# Most advantageous decoupling for multiple voltages

I'm trying to figure out if I can improve the elimination of noise. I always decouple my IC's by connecting VCC and ground together with a 100nF ceramic capacitor, But I'm curious. In each picture below, assume the top battery is 2V higher than the lower battery and all batteries are fully charged. Also assume the capacitors are all electrolytic and are at least 10uF and can handle 16V. The mid-point between the two sets of batteries deliver the lower voltage that's needed.

Which of the circuits shown is the best for decoupling?

Should I follow the left-most circuit where I decouple each battery set individually?

or should I follow the middle circuit where I combine the sets together first before decoupling as if all batteries are one big voltage source?

or should I just continue to follow the last circuit where each voltage point above 0 gets grounded via a capacitor?

or should I combine any of those circuit ideas?

Also, there are no negative voltages.

• Are the batteries more than a few inches from the circuit? Is the load steady or intermittent - on either or both rails? What problem arises from the noise? Are there regulators between the batteries and the circuitry? Jun 9 '18 at 21:22
• Load will always be steady. I'm asking more of this because I'm also looking for ways to eliminate ground loops as well and if decoupling from voltage to voltage adds benefit then I'd do that Jun 9 '18 at 22:15
• The batteries aren't the thing that needs decoupling, it's the ICs - capacitor should be as close to them as possible. Jun 9 '18 at 22:56

Could be that I have a completely wrong assumption on how decoupling capacitors work, but here goes:

You have to analyze the current loops and place decoupling capacitors in the loop to help reduce the size of the loop.

So let's assume you have some ICs working on the top rail and some working on the bottom rail. So you want decoupling on both rails. This approach would rule out the middle suggestion, there is no decoupling on the bottom rail.

The left approach helps if you have currents which will flow from the top rail to the bottom rail, but I guess most of the ICs will have current loops from their supply to ground. So the left solution will provide decoupling for the top rail and the bottom rail, but the top rail sees a series connection of capacitors to ground which will result in a lower capacity and thus might reduce the effectiveness of the decoupling.

So I'd vote for the right approach because that provides decoupling on both rails with the actual capacity of the capacitors for both rails.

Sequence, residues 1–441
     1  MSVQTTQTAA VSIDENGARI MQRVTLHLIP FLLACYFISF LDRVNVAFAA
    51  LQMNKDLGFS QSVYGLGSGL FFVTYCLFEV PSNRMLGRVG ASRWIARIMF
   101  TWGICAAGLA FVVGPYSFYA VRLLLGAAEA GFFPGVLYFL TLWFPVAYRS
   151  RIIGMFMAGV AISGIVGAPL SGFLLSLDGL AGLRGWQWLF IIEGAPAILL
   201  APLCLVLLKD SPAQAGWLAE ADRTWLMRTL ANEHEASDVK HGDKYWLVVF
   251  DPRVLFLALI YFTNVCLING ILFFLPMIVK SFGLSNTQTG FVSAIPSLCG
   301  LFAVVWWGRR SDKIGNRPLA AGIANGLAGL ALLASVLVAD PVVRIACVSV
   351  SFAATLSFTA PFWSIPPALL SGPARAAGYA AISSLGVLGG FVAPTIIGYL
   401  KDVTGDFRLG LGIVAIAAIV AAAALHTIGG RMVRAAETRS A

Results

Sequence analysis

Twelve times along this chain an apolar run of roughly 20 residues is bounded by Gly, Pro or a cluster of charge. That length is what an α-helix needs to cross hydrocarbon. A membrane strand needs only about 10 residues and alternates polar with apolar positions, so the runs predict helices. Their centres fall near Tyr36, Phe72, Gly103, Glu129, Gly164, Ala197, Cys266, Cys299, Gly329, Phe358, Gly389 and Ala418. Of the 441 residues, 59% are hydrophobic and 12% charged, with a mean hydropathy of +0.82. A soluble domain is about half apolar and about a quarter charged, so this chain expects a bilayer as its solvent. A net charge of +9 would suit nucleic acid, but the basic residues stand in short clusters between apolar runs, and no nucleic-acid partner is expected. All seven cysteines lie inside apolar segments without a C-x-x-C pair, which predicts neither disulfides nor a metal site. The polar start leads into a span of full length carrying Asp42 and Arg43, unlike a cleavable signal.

I'd also say that an electrolytic cap alone will not provide very good decoupling as they have higher ESR and ESL values, which is not what you want in decoupling, you want to provide a very low impedance path for the noise to go. So placing a ceramic cap (or several with different capacities for different noise frequencies) as close as possible to the IC is usually a good approach. Even the capacity between the power plane and the ground plane around an IC can act as a decoupling capacitor for very high frequencies if the connection is done in a low impedance way.

The important bit in decoupling is low inductance. Larger capacitors have more internal ("parasitic") inductance, and longer traces do so as well.

So, your decoupling capacitors should be placed right next to the ICs, and between each voltage rail and the corresponding ground (i.e. digital supply to digital ground, and analog supply to analog ground). The size of the capacitors depends on the frequency that the IC operates at, and the range that the supply current may vary in.

For tens of MHz, a single 100n capacitor (just use a normal ceramic, no need for electrolytic) is sufficient. Faster ICs might need a 10n or 1n capacitor near the supply pin, and possibly another larger capacitor a few mm further away, where there is more space.

• so theres no advantage if I connected a decoupling capacitor between say +5VDC and +3VDC on the same board? Jun 9 '18 at 21:17
• In the best case, (close to the batteries) it does nothing. In the worst case (close to the ICs) it transfers noise between power rails. Jun 10 '18 at 13:12

Mike unless you know the equivalent circuit of your load and batteries , your question is pointless. Batteries are about 1000 times higher capacitance than a capacitor and in many cases much lower ESR than a 100uF cap.

Fundamentally what does “decoupling” mean?

Decoupling means the step or impulse load current follows the shorter path of least impedance. This is chiefly due to rise time dV/dt=Ic/C + I*ESR step load error.

Before you ask any question like this , all unknowns must be specified for load current spectrum(f), source impedance (f) and cap Z(f).

If don’t know it, you ought to learn it. The question is irrelevant without values on voltage error, slew rate or spectrum and acceptance criteria with defined load characteristics.